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Sith of the body of our late soveraigne lorde No ruler restes within the regall seate : Remaines no moe, since the yong kinges be slaine, | The heire to whom the scepter longes unknowen; And of the title of discended crowne,

That to eche force of forreine princes power, Uncertainly the diverse mindes do thinke Whom vauntage of your wretched state may move, Even of the learned sort, and more uncertainly By sodeine armes to gaine so riche a realme, Will parciall fancie and affection deeme : And to the proud and gredie minde at home, But most uncertainly will climbing pride Whom blinded lust to reigne leades to aspire, And hope of reigne withdraw to sundry partes Loe Brittaine realme is left an open pray, The doubtfull right und hopefull lust to reigne : A present spoyle by conquest to ensue. When once this noble service is atchieved, Who seeth not now, how many rising mindes For Brittaine land, the mother of ye all, Do feede their thoughts, with hope to reach When once ye have with armed force represt,

realme? The proude attemptes of this Albanian prince, And who will not by force attempt to winne, That threatens thraldome to your native land, So great a gaine that hope perswades to have? When ye shall vanquishers returne from field, A simple colour shall for title serve, And find the princely state an open pray,

Who winnes the royall crowne will want no right, To greedie lust and to usurping power; Nor such as shall display by long discent, Then, then, my lordes, if ever kindly care A lineall race to prove him lawful king. Of auncient honour of your auncesters,

In the meane while these civil armes shall rage, Of present wealth and noblesse of your stockes, And thus a thousand mischiefes shall unfolde, Yea of the lives and safetie yet to come

And farre and neare spread thee, Brittaine land, Of your deare wives, your childreri

, and yourselves, All right and lawe shall cease, and he that had Might move your noble hartes with gentle ruth, Nothing to-day, to-morrowe shall enjoye Then, then have pitie on the torne estate, Great heapes of golde, and he that flowed in wealth, Then helpe to salve the wel neare hopelesse sore: Loe, he shall be bereft of life and all; Which ye shall do, if ye yourselves withholde And happiest he that then possesseth least. The slaying knife from your owne mother's throate, The wives shall suffer rape, the maides defloured, Her shall you save, and you and yours in her, And children fatherlesse shall weepe and waile : If ye shall all with one assent forheare

With fire and sworde thy native folke shall perishe, Orice to lay hand, or take unto yourselves, One kinsman shall bereave an others life, The crowne by colour of pretended right; The father shall unwitting slay the sonne, Or by what other meanes so ever it be,

The sonne shall slay the sire and know it not; Till first by common counsell of you

Women and maides, the cruel souldiers sword In parliament, the regall diademe

Shall perse to death, and sillie children loe, Be set in certaine place of governaunce,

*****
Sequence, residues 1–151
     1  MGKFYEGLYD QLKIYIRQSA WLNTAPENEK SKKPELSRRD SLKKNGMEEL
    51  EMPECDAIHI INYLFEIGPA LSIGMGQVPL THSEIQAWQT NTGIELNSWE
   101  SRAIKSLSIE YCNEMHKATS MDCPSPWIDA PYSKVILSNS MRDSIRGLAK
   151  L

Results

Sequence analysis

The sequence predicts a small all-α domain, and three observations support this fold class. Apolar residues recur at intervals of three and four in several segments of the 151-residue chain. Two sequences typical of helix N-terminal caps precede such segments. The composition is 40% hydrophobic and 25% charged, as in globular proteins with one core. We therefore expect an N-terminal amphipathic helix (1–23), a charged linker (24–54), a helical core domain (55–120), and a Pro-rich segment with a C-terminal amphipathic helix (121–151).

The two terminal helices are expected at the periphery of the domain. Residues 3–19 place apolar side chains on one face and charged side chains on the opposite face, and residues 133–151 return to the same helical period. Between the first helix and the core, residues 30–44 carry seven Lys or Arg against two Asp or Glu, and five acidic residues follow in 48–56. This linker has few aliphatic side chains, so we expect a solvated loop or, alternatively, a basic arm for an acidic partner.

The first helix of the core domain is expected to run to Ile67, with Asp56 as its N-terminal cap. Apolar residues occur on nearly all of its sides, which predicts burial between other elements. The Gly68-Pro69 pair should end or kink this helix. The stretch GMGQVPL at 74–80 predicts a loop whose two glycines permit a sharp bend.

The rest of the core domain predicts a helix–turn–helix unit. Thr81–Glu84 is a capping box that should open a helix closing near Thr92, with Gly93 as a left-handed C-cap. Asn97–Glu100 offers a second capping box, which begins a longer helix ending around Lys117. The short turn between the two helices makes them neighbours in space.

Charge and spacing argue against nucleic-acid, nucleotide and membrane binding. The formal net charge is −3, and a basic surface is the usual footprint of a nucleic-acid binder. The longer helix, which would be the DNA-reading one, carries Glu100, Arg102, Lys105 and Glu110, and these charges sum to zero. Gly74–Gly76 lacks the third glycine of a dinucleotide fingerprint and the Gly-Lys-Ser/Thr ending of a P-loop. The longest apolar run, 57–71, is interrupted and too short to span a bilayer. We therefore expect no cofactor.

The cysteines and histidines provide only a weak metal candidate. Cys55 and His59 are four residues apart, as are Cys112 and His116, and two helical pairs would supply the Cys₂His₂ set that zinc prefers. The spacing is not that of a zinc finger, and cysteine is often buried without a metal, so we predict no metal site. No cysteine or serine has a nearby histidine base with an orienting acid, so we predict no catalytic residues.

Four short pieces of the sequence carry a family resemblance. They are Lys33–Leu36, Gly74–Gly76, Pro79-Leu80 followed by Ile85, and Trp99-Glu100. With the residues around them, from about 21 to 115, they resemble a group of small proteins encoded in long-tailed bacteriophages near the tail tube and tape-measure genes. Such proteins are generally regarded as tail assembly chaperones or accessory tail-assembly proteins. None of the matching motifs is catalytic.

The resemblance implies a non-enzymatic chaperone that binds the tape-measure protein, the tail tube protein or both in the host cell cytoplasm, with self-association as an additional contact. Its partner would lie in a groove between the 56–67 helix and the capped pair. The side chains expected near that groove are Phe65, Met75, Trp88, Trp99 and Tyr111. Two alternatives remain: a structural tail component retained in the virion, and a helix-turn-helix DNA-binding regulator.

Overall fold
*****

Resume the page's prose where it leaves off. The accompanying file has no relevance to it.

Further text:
That playing 46 in the streetes and fieldes are found, In which your parliament and in your choise, By violent hand shall close their latter day. Preferre the right, my lordes, without 45 respect Whom shall the fierce and bloudy souldier Of strength or frendes, or whatsoever cause Reserve to life? whom shall he spare from death? That nay set forward any others part,

Even thou, O wretched mother, halfe alive, For right will last, and wrong can not endure. Thou shalt beholde thy deare and only childe Right meane I his or hers, upon whose name Slaine with the sworde, while he yet suckes thy The people rest, by meane of native line,

brest. Or by the vertue of some former lawe,

L'oe, giltlesse bloud shall thus eche where be shed; Already made their title to advaunce :

Thus shall the wasted soyle yelde forth no fruite, Such one, my lordes, let be your chosen king, But dearth and famine shall possesse the land. Such one so borne within your native land, The townes shall be consumed, and burnt with fire; Such one preferre, and in no wise admitte, The peopled cities shall waxe desolate, The heavie yoke of forreine governance : And thou, O Brittaine, whilone in renowne, Let forreine titles yield to publike wealth, Whilome in wealth and fame shalt thus be torne. And with that hart wherewith ye now prepare, Dismembred thus, and thus be rent in twaine, Thus to withstand the proude invading foe, Thus wasted and defaced, spoyled and destoyed, With that same hart, my lordes, keepe out also These be the fruites your civill warres will bring. Unnaturall thraldome of strangers reigne, Hereto it commes when kinges will not consent Ne suffer you against the rules of kinde, To grave advise, but follow wilfull will : Your mother land to serve a forreine prince. This is the end, when in fonde princes hartes

Eub. Loe here the end of Brutus royall line, Flattery prevailes, and sage rede hath no place : And loe the entry to the wofull wracke, These are the plages when murder is the meane, And utter ruine of this noble realme.

To make new heires unto the royall crowne. The royall king, and eke his sonnes are slaine, Thus wreke the Gods when that the mother's wrath


45 Without--with, edit. 1570.

46 Playing--play. edit. 1570.

Nought but the bloud of her own childe may swage; / When will they once with yelding hartes agree?
These mischiefes spring, when rehells will arise, Or in the while how shall the realme be used ?

To worke revenge, and judge their prince's fact, No, no: then parliament should have bene holden,
This, this ensues when noble mien do faile And certaine heires appointed to the crowne
In loyall trouth, and subjectes will be kinges. To staye the title on established right,
And this doth growe, when loe unto the prince, And in the people plant obedience,
Whome death or sodeine happe of life bereaves, While yet the prince did live, whose name and
No certaine heire remaines, such certain heire,

power As not all onely is the rightfull heire,

By lawfull sommons and authoritie, But to the realme is so made knowen to be, Might make a parliament to be of force, And trouth therby vested in subjectes hartes, And might have set the state in quiet stay: To owe fayth there, where right is knowen to rest. But now, 0 happie man, whom speedie death Alas, in parliament what hope can be,